In 2011, Flash agreed to an experiment that bonded him to the Venom Symbiote. He agreed to do this because bonding would grant him a new set of legs. Together, the two became known as Agent Venom and began their work as a military operative. As a military operative, Agent Venom has become one of the Marvel Universe’s most successful countermeasures against its deadliest villains.
5. Carol Danvers
After her father refused to pay for her college education, a frustrated Carol Danvers joined the United States Air Force. Once in the Air Force, she used her intelligence, know-how, and willingness to do whatever it takes attitude to rapidly rise through the ranks. Eventually, she achieved the rank of Colonel and was recruited by the C.I.A. as a field agent during the Cold War.
Carol Danvers has gone through multiple character changes with each one either augmenting her current power or giving her new powers. No matter which form she is (Captain Marvel, Ms. Marvel, Warbird, or Binary) one thing remains the same…she is one of my Marvel superheroes who are military veterans.
4. Bucky Barnes
After losing his parents at a very young age, James Barnes was adopted as the resident mascot of camp Lehigh and given the name Bucky. Due to his impressive skills, he was sent to England for training for two months. At its conclusion, he was sent back to the United States for an additional month of training. With all the training and his natural skill set, Bucky quickly became the best natural fighter the military had ever seen.
While at Camp Lehigh, Bucky “accidentally” stumbled into Captain America’s tent. Upon entering, he learned that Steve Rogers is Captain America. Rather than trying to cover it up, Steve took Bucky on as his sidekick. As his sidekick and with his natural skill set, Bucky is sent out to carry out the tasks and jobs that Captain America can’t. This includes assassinations, torture, and other violent acts…all of which ironically prepared him for his next life as the Winter Soldier.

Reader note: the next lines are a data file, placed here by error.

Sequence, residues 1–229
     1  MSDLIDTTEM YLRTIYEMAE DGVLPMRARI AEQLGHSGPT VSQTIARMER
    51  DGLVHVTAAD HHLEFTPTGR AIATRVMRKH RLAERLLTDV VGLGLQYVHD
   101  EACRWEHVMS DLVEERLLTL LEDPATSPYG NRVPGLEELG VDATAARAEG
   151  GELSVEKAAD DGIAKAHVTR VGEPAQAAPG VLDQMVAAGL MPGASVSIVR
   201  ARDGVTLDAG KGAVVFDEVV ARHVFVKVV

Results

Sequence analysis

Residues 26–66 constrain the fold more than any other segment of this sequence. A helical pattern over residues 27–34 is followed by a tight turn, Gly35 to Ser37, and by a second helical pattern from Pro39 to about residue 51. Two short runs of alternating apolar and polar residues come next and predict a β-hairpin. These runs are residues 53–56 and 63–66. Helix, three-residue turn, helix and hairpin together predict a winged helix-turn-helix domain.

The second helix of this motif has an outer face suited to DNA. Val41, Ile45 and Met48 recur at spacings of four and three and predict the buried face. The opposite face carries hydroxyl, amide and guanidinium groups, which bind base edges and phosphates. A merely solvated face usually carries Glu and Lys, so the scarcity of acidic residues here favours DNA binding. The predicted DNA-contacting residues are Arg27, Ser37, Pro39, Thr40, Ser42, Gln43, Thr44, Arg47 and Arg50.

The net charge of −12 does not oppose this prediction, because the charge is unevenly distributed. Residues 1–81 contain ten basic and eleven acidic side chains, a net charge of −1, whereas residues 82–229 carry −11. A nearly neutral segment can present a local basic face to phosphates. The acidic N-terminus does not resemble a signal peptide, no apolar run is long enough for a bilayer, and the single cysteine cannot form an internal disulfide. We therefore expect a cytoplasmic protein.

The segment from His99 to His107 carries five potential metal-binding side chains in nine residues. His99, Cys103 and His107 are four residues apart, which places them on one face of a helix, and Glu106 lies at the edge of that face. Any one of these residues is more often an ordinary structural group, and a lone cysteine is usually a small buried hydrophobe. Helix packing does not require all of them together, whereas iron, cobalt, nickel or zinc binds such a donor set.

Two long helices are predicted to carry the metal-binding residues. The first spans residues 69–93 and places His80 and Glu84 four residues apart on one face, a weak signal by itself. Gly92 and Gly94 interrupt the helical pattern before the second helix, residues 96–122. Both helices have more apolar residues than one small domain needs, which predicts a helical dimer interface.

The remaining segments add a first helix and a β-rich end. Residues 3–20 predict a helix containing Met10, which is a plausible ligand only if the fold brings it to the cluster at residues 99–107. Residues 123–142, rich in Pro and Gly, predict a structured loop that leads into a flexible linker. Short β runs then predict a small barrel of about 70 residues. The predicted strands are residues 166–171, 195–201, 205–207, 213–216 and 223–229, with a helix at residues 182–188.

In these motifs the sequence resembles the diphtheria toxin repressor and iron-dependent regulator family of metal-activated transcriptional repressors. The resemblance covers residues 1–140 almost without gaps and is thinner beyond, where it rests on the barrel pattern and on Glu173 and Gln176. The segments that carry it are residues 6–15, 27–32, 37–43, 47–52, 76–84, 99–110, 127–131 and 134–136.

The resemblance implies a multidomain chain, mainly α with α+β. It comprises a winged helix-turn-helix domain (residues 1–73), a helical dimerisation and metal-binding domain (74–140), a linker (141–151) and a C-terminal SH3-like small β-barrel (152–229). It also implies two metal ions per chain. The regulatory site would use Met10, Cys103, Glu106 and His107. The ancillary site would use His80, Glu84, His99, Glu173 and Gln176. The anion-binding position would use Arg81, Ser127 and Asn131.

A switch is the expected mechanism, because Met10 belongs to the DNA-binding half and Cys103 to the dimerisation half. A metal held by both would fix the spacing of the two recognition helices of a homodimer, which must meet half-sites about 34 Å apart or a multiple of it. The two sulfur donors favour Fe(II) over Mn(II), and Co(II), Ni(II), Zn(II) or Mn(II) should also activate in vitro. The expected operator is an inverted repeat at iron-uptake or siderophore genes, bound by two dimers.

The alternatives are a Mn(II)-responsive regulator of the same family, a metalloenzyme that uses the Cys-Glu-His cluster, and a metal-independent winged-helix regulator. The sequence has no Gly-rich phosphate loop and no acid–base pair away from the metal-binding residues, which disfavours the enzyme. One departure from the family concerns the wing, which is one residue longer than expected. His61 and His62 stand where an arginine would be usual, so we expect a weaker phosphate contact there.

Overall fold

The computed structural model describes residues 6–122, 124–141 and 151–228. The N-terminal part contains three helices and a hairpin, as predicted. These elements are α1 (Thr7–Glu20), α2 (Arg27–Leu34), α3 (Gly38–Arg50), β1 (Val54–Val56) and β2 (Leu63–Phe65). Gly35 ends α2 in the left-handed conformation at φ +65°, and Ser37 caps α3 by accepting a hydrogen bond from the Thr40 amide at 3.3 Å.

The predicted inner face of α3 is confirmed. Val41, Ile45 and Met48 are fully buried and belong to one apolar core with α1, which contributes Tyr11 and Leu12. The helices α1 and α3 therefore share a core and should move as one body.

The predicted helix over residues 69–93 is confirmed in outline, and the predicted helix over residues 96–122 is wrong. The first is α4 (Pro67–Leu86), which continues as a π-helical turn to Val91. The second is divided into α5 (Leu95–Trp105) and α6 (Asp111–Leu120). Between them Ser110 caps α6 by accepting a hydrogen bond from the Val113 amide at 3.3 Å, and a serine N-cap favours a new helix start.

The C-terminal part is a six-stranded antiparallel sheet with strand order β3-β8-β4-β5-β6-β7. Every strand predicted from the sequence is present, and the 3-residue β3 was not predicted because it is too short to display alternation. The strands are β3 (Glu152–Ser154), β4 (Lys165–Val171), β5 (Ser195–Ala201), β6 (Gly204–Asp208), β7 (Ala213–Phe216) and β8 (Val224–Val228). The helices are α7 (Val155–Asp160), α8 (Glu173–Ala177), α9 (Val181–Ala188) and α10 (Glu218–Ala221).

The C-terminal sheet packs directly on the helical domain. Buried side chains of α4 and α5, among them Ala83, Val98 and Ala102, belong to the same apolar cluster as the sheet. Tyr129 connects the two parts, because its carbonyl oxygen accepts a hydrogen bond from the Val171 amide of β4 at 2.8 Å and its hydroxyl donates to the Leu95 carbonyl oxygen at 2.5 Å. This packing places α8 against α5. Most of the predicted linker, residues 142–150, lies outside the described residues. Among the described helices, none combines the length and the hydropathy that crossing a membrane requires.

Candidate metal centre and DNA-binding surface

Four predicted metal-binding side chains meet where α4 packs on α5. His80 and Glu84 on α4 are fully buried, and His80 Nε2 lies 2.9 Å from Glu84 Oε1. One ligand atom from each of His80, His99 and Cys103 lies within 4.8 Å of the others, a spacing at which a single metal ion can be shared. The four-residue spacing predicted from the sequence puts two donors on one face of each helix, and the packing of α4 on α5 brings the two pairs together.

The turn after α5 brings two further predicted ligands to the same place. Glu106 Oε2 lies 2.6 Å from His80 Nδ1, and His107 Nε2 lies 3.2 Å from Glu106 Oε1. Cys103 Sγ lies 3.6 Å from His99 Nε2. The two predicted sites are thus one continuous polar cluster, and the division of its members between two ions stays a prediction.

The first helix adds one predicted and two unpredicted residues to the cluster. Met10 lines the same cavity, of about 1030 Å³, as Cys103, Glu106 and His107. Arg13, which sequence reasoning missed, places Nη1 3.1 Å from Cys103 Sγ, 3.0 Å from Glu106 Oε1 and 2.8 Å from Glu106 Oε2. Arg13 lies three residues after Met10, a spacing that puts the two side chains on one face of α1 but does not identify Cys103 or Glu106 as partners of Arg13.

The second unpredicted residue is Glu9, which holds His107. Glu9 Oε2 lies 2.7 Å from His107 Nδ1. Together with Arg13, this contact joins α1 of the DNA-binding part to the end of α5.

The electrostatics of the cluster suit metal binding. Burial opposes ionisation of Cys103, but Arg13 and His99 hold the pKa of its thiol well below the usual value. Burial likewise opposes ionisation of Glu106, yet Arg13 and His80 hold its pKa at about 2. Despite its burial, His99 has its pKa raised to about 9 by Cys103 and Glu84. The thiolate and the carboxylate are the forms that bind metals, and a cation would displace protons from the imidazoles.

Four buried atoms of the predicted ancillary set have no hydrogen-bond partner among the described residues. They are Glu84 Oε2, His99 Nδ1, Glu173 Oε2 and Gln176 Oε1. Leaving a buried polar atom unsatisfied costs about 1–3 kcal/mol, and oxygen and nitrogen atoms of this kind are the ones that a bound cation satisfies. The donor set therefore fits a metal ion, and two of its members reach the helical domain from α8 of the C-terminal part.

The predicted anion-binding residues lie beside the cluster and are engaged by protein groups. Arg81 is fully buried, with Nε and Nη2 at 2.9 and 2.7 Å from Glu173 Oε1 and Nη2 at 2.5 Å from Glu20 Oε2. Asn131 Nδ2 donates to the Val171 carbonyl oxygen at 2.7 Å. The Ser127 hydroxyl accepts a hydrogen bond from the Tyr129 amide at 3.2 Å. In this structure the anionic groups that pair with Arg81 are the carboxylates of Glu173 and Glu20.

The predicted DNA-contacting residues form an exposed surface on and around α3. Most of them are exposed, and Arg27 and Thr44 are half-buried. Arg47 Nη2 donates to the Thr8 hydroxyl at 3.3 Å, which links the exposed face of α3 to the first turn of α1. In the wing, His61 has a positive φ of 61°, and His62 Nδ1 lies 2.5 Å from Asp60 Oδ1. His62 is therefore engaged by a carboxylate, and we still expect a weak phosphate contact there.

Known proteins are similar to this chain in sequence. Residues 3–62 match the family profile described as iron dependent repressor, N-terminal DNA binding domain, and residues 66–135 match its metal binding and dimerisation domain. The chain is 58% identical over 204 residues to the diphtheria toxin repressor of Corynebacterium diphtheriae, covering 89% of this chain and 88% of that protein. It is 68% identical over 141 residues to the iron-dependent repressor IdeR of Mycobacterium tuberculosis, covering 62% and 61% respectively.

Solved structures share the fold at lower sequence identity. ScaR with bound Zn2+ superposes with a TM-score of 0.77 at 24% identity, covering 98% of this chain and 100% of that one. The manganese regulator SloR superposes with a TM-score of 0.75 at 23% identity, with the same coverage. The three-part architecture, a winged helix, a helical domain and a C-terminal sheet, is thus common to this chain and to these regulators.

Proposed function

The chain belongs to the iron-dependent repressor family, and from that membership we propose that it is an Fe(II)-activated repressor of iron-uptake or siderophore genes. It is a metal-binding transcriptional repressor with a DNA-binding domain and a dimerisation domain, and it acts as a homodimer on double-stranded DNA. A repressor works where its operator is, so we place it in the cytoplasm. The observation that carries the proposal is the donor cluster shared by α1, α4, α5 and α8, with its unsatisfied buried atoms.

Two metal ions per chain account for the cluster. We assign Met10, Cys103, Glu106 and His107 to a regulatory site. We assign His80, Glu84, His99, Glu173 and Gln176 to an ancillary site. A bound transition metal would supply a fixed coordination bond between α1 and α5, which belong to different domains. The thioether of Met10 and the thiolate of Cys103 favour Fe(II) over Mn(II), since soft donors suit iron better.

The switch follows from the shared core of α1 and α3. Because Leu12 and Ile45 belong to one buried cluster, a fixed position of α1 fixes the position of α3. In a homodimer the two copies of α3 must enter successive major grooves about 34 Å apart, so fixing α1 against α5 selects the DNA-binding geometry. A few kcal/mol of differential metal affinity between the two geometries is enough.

3. Nick Fury
Thanks in part to the success of the MCU, Nick Fury is one of the most recognizable field commanders in the history of comics. Nick Fury is a trained marksman, an expert in martial arts, and one of the greatest tacticians alive. Due to the Infinity Formula, he remains forever young. Different from a few others on this list, Nick Fury gained rank within the military.
After the attack on Pearl Harbour, Fury pledged revenge against both the Nazis and the Japanese. His dedication to the cause resulted in him being promoted to Sargent. As a Sargent, Fury was given a ragtag group of soldiers known as the Howling Commandos. He and his commandos fought alongside Captain America and Bucky during the War and battled villains such as Hitler, Baron Strucker, and the Red Skull.
2. Frank Castle
Frank Castle (The Punisher) is perhaps the most obvious choice for this Marvel superhero who are on the military list. The Punisher is a retired member of the United States Marine Corps. As a Marine, Frank was charged with high-level assignments and carrying out the most violent of missions. Once out of the Marines, Frank used his extensive training to wage his war on crime.
Frank is most known for his violent nature and his willingness to do whatever it takes for justice. He has killed, maimed, brutalized, and tortured his opponents to get what he wants. While his popularity is not what it once was, Frank Castle is a mainstay in the Marvel Universe.
Not only did he rewrite the book on what being a superhero means, but he also changed how readers view and accept anti-heroes. Without him, characters like Deadpool, Moon Knight, and Blade would never have become as popular as they are today.
1. Captain America
Captain America is a soldier through and through. He lives and breathes the military as much as you and I live and breathe oxygen.
Captain America made his triumphant first appearance on the cover of Captain America #1 in 1941. On that cover, Captain America is illustrated doing the one thing the entire world wanted to do…punch Adolf Hitler in the jaw. The cover set the tone for who Captain America was, what he stood for, and what he was destined to become.
Captain America is the living definition of a patriot. He has done, continues to do, and will always do whatever is necessary to defend his flag and the freedom it represents. As such, including him on this list of Marvel superheroes who are military veterans was as easy as eating a good pizza.